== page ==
Aggregation and aggregate stability in forest and range soils

TitleAggregation and aggregate stability in forest and range soils
Publication TypeJournal Article
Year of Publication1988
AuthorsStrickland, TC, Sollins, DSS, Kerle, EA
JournalSoil Science Society of America Journal
Pagination829 -833
Accession NumberKNZ00209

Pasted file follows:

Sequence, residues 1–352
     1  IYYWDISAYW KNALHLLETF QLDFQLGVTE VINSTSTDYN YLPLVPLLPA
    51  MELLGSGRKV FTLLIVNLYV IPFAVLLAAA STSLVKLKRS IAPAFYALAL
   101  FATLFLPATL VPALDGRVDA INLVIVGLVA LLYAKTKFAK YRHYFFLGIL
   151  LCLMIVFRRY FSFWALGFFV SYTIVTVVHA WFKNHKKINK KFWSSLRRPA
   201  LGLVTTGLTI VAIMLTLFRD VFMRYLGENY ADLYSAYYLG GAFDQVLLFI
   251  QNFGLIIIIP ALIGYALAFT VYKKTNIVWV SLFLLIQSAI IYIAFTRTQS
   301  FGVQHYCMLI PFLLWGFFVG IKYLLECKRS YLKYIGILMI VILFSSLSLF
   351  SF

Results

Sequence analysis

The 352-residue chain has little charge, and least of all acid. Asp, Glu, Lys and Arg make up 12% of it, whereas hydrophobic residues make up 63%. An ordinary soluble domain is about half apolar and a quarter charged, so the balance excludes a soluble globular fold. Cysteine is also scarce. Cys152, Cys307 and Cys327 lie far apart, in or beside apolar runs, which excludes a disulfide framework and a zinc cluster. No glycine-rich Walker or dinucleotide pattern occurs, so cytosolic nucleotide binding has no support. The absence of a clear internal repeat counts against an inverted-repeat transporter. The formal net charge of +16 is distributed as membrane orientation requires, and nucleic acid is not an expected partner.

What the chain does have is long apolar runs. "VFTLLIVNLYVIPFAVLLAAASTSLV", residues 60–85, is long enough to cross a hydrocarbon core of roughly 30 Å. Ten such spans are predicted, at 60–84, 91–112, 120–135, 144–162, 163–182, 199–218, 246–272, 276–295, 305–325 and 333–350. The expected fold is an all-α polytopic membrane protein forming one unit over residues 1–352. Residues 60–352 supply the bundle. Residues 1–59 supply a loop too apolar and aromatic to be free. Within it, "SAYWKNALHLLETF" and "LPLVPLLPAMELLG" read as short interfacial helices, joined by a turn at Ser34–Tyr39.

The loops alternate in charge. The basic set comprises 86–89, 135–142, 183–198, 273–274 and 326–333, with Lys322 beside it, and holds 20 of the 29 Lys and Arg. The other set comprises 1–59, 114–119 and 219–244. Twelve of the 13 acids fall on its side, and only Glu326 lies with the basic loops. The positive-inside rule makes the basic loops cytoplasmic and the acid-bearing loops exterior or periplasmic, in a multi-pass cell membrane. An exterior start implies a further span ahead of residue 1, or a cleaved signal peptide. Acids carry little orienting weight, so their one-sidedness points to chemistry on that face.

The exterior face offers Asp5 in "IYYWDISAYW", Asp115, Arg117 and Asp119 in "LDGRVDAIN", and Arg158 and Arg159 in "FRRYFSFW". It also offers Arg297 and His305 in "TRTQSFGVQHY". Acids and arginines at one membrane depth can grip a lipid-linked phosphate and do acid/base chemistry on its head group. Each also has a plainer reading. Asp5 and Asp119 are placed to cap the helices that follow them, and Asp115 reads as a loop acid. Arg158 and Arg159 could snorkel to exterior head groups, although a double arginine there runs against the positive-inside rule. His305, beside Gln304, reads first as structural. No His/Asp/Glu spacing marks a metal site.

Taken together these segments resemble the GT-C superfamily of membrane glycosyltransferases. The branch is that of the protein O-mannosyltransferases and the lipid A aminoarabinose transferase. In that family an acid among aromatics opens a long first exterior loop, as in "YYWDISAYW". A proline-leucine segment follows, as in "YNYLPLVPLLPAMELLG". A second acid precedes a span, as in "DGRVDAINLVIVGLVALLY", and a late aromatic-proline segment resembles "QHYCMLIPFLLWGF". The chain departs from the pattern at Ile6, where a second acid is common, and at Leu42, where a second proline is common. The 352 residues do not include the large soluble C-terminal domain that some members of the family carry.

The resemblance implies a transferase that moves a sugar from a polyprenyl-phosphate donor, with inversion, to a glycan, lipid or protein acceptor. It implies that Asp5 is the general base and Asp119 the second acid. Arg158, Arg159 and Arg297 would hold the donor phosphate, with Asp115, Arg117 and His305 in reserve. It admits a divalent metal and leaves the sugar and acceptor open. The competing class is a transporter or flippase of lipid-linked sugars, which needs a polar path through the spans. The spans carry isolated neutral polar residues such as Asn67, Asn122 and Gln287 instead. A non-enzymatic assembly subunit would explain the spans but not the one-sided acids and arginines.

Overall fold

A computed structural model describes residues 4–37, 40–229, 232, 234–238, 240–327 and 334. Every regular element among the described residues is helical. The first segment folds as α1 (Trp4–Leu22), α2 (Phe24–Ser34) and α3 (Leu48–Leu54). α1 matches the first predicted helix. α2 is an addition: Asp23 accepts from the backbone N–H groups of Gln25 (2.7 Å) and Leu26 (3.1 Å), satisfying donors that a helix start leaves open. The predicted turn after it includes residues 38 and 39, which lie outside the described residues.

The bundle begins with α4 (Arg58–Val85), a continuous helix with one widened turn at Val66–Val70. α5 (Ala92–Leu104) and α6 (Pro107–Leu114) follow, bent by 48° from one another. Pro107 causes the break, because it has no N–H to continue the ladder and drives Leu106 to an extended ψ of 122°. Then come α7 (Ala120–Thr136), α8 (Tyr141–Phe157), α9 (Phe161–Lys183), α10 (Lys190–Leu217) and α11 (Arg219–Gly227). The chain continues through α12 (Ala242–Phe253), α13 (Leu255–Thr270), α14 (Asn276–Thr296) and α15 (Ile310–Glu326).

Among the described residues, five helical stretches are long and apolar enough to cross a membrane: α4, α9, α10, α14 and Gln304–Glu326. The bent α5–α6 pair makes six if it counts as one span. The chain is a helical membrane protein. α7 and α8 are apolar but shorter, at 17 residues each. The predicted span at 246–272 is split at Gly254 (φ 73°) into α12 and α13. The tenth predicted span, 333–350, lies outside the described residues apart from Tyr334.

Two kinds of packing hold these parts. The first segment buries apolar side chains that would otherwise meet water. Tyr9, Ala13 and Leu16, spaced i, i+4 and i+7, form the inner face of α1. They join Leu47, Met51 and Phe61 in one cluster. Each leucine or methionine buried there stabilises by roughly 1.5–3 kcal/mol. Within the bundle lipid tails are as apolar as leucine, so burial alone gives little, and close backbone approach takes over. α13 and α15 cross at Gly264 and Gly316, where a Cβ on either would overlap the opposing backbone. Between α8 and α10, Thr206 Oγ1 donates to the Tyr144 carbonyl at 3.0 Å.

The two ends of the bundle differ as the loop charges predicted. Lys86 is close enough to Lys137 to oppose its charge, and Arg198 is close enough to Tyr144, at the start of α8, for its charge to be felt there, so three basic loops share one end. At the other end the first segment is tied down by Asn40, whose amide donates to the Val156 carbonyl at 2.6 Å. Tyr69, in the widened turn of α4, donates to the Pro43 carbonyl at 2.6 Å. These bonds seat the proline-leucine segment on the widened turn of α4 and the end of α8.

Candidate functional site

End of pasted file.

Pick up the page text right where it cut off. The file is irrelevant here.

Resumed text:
A simple method for measuring aggregation and aggregate stability across soils of widely varying structure and texture is presented. The method uses standard techniques of particle-size analysis to measure yield of fine particles (greater than 26 micrometers estimated spherical diameter) after three types of dispersion treatments: shaking in water or in sodium oxalate (Ox), and sonication in sodium pyrophosphate (PPi). PPi sonication, which provided maximum dispersion, served as our benchmark; it is substantially more effective than the commonly used stirring in hexametaphosphate. Aggregation was then calculated as yield of fines after PPi sonication minus yield of fines after the water shake, the minimum dispersion treatment. Aggregate stability was measured by comparing yield of fines after the Ox shake, the mild dispersion treatment, with that after the water shake; aggregate instability was then calculated. The five soils studied varied markedly in both aggregation and aggregate stability, suggesting that mechanisms of aggregate stabilization differ markedly across soil types. Despite these differences, our method of quantifying mild dispersion by skaing with Ox, which should have negligible effect on subsequent microbiological studies, relative to complete dispersion by PPi sonication should be consistent and applicable over a reasonably wide range of soil types. Key words: dispersion, Sodium oxalate, ultrasound, intersite comparison